Xmas stress? What you can and can’t do about the family

 We all experience Xmas stress. A cute Spaniel in a Santa suit lies spent next to a wine glass, the day after his Xmas outing.

We all experience Xmas stress

What is Xmas stress?

Xmas is supposed to be a time of joy, goodwill, peace and relaxation, right? That’s a lot of expectations! We might be setting ourselves up for disappointment. Or maybe you already expect the worst? What’s the movie playing in your head about Xmas day? Are you experiencing Xmas stress already?

For some people Xmas may be a lonely or sad time, a stressful or overwhelming time. It may be a time where old family resentments resurface or where you’re feeling stretched to be in too many places or where you’re feeling the loss of a loved one.

So, what happens when we’re stressed? You may already be anticipating some tension about how things might go. When you imagine this, your body reacts with tension. Cortisol and adrenaline may be released into your system, priming you to prepare for action or threat. Some stress is good in short doses but not so good when you feel overloaded or overwhelmed. The bad stress is accompanied by a belief that you can’t cope, which in turn makes things worse and may become a self-fulfilling prophecy. Stress can have negative effects on your physical and mental health, and if it persists it is advisable to see your doctor or a counsellor.

What can I do about the family?

Unfortunately, not much; the family is who they are, a system that operates in its own unique way, probably one that you know too well. Everyone has their roles and responsibilities or unclear roles and lack of responsibilities. They will expect you to operate in the same way you usually do (which may be good or not so good, depending on how you usually act). You can’t change them but you can change yourself. You are responsible for your actions, your thoughts, and your feelings, though some people would disagree with the latter. So to clarify, I mean we can choose how to feel about something. When we tell ourselves that something must be the way it seems to us, our feelings generally match the way we view things. If we can create a bit more flexibility with the meaning we attach, think of some other things it could mean, and not be troubles by it, then we have more choices in the ways we respond, if we respond at all.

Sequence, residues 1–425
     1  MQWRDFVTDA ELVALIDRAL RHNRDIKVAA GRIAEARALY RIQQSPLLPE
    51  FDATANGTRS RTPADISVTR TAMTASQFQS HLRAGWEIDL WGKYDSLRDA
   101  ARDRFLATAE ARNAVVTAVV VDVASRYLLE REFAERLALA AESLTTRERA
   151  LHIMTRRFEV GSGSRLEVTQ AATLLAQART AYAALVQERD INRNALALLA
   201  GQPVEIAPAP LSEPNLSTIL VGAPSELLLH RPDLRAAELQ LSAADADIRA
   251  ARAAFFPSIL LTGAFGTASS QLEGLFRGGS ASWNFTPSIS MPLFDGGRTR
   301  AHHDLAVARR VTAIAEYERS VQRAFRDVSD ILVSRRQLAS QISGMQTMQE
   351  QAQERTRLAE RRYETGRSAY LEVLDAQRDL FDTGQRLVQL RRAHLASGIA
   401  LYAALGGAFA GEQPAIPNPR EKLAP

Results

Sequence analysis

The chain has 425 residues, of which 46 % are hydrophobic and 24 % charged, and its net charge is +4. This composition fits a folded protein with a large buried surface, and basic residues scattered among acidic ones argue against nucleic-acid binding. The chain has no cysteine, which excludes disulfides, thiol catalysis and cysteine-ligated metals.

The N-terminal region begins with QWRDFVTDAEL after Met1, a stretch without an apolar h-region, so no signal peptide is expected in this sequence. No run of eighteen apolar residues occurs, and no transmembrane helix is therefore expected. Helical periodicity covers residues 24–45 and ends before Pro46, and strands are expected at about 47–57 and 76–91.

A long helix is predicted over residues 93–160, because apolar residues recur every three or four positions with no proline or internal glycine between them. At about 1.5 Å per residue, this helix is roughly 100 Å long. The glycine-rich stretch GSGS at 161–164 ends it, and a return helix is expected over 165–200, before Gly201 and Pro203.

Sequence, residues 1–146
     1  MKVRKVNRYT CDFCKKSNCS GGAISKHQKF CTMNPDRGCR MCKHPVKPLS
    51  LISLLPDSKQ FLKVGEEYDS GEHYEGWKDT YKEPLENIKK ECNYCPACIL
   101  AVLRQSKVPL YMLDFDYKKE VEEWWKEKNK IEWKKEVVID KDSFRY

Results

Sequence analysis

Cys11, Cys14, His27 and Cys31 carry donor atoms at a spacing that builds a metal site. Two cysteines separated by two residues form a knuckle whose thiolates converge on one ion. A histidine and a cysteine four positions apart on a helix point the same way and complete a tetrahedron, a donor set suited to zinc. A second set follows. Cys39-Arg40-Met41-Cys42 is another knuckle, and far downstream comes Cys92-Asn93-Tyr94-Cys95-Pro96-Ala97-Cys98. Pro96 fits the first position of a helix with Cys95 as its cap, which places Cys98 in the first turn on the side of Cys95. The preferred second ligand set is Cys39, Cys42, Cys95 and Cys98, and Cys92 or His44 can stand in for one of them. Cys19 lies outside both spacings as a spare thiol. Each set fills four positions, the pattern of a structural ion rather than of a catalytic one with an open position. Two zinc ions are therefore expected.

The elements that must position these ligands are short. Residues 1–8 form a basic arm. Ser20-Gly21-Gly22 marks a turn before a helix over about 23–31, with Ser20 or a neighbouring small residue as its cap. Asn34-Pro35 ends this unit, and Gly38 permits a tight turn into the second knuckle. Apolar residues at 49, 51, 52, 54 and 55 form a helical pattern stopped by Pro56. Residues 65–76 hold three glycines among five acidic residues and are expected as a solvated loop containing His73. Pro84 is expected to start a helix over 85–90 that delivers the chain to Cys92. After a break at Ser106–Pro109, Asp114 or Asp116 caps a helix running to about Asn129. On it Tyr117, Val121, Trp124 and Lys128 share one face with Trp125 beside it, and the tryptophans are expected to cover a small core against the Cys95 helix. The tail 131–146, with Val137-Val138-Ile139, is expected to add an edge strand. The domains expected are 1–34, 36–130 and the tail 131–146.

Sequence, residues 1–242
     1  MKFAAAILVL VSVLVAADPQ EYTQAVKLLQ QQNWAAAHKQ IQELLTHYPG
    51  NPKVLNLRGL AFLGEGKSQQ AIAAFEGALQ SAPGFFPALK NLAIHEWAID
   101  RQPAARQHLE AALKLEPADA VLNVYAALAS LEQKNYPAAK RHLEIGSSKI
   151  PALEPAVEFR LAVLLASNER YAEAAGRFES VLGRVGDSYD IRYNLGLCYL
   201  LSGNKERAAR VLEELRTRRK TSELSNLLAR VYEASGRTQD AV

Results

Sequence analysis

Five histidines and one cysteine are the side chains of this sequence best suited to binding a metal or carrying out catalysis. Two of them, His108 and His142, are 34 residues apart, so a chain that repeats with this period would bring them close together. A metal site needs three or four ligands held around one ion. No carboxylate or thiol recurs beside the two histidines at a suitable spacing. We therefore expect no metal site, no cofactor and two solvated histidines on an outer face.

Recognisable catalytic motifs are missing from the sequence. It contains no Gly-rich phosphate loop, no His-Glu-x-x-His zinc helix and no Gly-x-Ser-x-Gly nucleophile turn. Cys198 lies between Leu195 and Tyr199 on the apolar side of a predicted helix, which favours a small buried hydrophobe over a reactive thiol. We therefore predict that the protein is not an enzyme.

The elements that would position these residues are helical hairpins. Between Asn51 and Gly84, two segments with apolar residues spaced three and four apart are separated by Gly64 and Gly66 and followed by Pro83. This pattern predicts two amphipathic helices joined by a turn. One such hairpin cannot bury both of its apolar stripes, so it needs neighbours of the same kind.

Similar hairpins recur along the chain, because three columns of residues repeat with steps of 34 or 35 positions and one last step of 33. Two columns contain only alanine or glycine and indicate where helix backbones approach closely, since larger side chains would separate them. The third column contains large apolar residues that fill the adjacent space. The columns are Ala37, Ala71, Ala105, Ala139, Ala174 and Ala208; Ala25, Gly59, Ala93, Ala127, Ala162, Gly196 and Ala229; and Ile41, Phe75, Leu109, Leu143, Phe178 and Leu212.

Be aware of your triggers

What triggers you? It might be something that someone does that upsets you, that you may read as a sign of disrespect or of being dismissed. Or it might be something expected of you or something you’ve failed to do. It might be an ‘off’comment that someone makes, or dynamics between other people (but I’d stay out of that). Whatever the other person does or says, you don’t need to react to it in the same way you have before. Release yourself from that habit. If you’re reading someone’s communication as having bad intent, hold that thought as a mind-read, and don’t be troubled by it. Remember that we are the ones that create the meaning of any form of communication we receive.

Stay calm and in control

Process what’s happening around you. Take a moment to be the observer who comments on the action, without judgement or reading things into it. Just notice, simply notice and comment to yourself (not out loud!). Find that calm centre by imagining yourself elsewhere, at your favourite place, where you feel calm and peaceful. Your body will respond. Being in control means containing your reactions and formulating them into responses that fit well with your intention for the event.

Respond rather than react

How do you want to be in the situation? Choose your response. Imagine yourself at the event, with others being the way they usually are, and you being the way you want to be. Remind yourself on the way there how you want to be. Keep in mind that you have no control of how others are.

Enjoy that space!

If you don’t get it 100% right, accept that you’ve learnt something new and keep trying to stay on course, adjusting your responses as necessary to avoid Xmas stress. Heading in the direction you want to go is better than going completely off-track (or off-piste, as my ski friends would say). And that reminds me: watch your alcohol so you can carry out your intentions to the best of your ability. Let yourself learn and reward your efforts in another way. Go and have a great day!

Contact me for further help in changing how your respond to difficult family dynamics. Linda Magson, Sydney Life coach and counsellor.